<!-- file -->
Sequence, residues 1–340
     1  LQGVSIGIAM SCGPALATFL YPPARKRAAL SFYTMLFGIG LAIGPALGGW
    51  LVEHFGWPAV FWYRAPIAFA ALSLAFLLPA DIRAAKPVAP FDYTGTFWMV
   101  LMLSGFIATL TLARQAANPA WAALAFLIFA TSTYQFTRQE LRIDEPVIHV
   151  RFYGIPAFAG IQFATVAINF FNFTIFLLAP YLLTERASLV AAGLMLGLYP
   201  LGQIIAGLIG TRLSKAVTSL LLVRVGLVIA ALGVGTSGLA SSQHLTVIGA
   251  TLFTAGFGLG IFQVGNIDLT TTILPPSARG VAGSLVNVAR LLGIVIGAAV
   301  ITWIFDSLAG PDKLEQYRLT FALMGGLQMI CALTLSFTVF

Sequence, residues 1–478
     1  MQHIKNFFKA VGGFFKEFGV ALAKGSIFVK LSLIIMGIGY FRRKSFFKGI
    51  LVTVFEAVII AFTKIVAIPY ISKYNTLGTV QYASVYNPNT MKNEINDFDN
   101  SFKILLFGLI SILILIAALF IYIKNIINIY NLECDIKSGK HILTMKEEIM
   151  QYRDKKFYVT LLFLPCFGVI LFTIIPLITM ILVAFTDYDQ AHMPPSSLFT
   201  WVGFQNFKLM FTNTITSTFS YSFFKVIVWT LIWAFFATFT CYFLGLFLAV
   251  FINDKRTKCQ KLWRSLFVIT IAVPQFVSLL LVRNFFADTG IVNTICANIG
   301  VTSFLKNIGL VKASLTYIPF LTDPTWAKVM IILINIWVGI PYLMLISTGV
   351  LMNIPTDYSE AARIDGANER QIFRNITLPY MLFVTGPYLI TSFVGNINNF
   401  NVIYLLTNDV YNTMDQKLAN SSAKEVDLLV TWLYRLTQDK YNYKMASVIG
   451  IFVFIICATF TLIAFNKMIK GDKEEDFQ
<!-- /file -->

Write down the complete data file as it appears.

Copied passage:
Sequence, residues 1–340
     1  LQGVSIGIAM SCGPALATFL YPPARKRAAL SFYTMLFGIG LAIGPALGGW
    51  LVEHFGWPAV FWYRAPIAFA ALSLAFLLPA DIRAAKPVAP FDYTGTFWMV
   101  LMLSGFIATL TLARQAANPA WAALAFLIFA TSTYQFTRQE LRIDEPVIHV
   151  RFYGIPAFAG IQFATVAINF FNFTIFLLAP YLLTERASLV AAGLMLGLYP
   201  LGQIIAGLIG TRLSKAVTSL LLVRVGLVIA ALGVGTSGLA SSQHLTVIGA
   251  TLFTAGFGLG IFQVGNIDLT TTILPPSARG VAGSLVNVAR LLGIVIGAAV
   301  ITWIFDSLAG PDKLEQYRLT FALMGGLQMI CALTLSFTVF

Sequence, residues 1–478
     1  MQHIKNFFKA VGGFFKEFGV ALAKGSIFVK LSLIIMGIGY FRRKSFFKGI
    51  LVTVFEAVII AFTKIVAIPY ISKYNTLGTV QYASVYNPNT MKNEINDFDN
   101  SFKILLFGLI SILILIAALF IYIKNIINIY NLECDIKSGK HILTMKEEIM
   151  QYRDKKFYVT LLFLPCFGVI LFTIIPLITM ILVAFTDYDQ AHMPPSSLFT
   201  WVGFQNFKLM FTNTITSTFS YSFFKVIVWT LIWAFFATFT CYFLGLFLAV
   251  FINDKRTKCQ KLWRSLFVIT IAVPQFVSLL LVRNFFADTG IVNTICANIG
   301  VTSFLKNIGL VKASLTYIPF LTDPTWAKVM IILINIWVGI PYLMLISTGV
   351  LMNIPTDYSE AARIDGANER QIFRNITLPY MLFVTGPYLI TSFVGNINNF
   401  NVIYLLTNDV YNTMDQKLAN SSAKEVDLLV TWLYRLTQDK YNYKMASVIG
   451  IFVFIICATF TLIAFNKMIK GDKEEDFQ